August 09, 2010, 7:43 AM — So you want an iPhone but you don't want to use AT&T as a service provider. It's an old story...almost as old as the iPhone itself. We've heard again and again that AT&T's exclusivity agreement with Apple was about to run out, but so far it hasn't. Well here's another rumor saying the same thing. Actually two rumors that mesh together pretty well.
First up, leaks from the hardware front. TechCrunch's Steve Cheney reports that Apple has ordered "millions of units of Qualcomm CDMA chipsets." Why is this significant? Because AT&T's network uses GSM, not CDMA, so presumably Apple is building iPhones for a network other than AT&T's. The leap to Verizon seems to be one of faith for Cheney, who says the Verizon iPhone will hit in January, but there are a lot of cellular providers around the world. How does Cheney know these chips are going into Verizon phones?
Well, luckily for him, we've got another data point to work with. This one comes from Electronista who reports on an AT&T SEC filing. The filing, Electronista points out, devotes "a significant section of its warnings to the risks that occur when 'exclusivity arrangements end' and tried to minimize the potential effect." The filing doesn't single out the iPhone but let's face it, their deal with Apple is the only really significant exclusivity arrangement AT&T has. (You can read the whole SEC Filing here.)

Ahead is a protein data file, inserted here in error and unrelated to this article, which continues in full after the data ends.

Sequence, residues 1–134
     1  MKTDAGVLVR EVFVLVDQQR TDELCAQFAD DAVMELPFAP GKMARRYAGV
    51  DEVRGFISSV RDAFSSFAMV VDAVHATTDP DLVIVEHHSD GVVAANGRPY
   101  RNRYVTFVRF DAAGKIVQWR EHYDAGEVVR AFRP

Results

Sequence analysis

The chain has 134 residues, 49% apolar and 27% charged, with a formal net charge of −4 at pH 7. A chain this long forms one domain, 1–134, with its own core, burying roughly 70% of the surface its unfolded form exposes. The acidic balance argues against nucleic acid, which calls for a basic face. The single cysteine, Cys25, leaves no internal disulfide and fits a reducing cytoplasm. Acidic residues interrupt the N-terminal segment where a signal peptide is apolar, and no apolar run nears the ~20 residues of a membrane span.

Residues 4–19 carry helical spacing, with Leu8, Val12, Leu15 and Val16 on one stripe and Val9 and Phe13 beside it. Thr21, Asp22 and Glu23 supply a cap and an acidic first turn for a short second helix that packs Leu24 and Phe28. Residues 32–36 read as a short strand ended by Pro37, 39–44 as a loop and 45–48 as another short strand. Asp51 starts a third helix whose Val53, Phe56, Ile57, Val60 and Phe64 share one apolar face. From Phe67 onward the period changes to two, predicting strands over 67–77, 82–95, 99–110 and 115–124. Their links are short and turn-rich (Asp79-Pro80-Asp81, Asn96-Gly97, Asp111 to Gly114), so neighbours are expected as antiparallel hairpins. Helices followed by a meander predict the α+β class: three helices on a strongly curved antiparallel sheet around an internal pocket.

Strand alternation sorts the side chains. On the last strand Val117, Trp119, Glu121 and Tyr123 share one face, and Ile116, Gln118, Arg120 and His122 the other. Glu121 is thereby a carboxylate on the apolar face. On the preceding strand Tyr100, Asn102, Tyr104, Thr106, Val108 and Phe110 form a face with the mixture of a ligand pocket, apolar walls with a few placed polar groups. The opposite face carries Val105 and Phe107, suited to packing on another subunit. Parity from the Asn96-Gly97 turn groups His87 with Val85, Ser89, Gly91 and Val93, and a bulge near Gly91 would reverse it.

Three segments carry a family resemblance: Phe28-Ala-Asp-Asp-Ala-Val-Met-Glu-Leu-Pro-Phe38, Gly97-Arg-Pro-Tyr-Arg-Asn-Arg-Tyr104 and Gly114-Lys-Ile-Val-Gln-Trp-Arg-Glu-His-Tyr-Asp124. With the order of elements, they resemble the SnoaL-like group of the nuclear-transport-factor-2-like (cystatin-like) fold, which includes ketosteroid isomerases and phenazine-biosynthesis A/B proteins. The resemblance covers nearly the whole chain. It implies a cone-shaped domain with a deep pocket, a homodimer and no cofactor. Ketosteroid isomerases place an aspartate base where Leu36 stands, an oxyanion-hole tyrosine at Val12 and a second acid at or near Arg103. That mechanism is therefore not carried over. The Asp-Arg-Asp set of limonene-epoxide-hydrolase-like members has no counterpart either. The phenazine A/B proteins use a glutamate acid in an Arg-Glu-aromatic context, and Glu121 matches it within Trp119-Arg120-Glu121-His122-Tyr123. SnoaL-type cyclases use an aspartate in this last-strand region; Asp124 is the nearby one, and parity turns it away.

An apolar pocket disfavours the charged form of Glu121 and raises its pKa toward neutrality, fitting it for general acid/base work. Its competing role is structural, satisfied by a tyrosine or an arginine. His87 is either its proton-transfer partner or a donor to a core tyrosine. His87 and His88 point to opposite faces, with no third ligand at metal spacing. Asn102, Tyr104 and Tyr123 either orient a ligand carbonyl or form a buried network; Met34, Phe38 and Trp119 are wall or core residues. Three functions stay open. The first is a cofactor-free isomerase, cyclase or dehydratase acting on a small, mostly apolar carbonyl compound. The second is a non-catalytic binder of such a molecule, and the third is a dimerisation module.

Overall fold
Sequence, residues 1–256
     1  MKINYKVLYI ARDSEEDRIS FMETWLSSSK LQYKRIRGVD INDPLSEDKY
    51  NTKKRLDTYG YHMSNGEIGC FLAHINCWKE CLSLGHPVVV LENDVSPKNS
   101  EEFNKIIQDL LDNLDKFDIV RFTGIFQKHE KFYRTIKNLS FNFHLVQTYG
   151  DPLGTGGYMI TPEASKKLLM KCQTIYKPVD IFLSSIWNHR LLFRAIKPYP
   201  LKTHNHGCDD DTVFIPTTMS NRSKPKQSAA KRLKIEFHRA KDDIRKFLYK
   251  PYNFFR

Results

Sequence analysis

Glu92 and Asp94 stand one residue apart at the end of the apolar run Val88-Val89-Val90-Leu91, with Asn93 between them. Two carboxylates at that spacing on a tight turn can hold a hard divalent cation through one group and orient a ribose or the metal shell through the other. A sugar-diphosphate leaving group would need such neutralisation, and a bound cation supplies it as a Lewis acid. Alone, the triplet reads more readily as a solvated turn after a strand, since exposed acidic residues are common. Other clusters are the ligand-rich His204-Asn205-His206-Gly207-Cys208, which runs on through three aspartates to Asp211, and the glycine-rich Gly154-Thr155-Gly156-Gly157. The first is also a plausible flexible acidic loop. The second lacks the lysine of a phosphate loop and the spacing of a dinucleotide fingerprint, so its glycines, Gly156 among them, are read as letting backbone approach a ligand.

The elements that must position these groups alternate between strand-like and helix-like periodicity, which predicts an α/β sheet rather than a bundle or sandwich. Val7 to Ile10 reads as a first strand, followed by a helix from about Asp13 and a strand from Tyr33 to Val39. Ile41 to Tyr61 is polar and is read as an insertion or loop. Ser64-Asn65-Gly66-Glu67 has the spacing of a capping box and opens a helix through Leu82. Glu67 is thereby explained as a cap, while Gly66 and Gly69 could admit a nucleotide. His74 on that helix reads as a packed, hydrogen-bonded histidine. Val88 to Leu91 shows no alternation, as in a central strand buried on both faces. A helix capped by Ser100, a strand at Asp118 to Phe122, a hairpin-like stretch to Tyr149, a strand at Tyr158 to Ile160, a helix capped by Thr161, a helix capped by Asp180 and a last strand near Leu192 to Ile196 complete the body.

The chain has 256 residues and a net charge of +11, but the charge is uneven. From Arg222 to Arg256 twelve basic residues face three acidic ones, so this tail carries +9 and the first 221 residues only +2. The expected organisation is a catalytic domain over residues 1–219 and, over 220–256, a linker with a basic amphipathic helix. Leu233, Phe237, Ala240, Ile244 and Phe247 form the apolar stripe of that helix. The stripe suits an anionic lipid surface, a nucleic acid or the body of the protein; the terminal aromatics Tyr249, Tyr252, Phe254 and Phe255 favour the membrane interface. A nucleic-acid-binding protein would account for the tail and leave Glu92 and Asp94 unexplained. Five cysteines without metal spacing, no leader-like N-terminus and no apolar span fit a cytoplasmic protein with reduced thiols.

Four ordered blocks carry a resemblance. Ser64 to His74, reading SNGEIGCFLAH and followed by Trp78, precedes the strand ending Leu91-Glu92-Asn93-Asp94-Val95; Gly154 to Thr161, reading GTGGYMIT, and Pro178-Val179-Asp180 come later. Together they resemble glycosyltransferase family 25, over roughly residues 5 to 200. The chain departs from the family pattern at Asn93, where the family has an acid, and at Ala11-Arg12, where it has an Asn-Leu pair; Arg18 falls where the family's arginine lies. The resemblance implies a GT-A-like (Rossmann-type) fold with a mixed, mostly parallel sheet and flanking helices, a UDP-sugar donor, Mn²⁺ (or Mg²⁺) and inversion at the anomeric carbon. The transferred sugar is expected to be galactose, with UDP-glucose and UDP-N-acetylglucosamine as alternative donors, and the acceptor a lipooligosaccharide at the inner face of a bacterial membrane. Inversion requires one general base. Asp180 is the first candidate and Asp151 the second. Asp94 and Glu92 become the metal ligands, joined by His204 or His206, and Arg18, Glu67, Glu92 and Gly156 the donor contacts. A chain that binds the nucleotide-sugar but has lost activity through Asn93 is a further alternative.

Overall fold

So putting the pieces together: Apple is building a CDMA device. AT&T is downplaying the loss of an unspecified exclusivity deal, implying the iPhone is going to be available on another carrier here in the U.S. Since Sprint and Verizon both use CDMA we still can't be sure which of the two carriers the new device is headed for (maybe both?) but given the relative size of the two it's a safe bet that Apple would be most interested in partnering with Verizon.
So why is Apple severing its exclusive ties with AT&T now? If I had to speculate, I'd say Android is the main reason. We keep seeing huge numbers posted for Android devices (the most recent being that 200,000 Android devices/day are being activated). Can Apple afford to restrict itself to one carrier in the face of dozens of Android phones across several carriers, including AT&T? Sooner or later Android is going to hit enough of a critical mass that app developers are going to start switching teams, and without the App Store much of the magic of the iPhone vanishes.
We've heard this rumor a lot of times and so far nothing has come of it. Let's hope this time out things are different.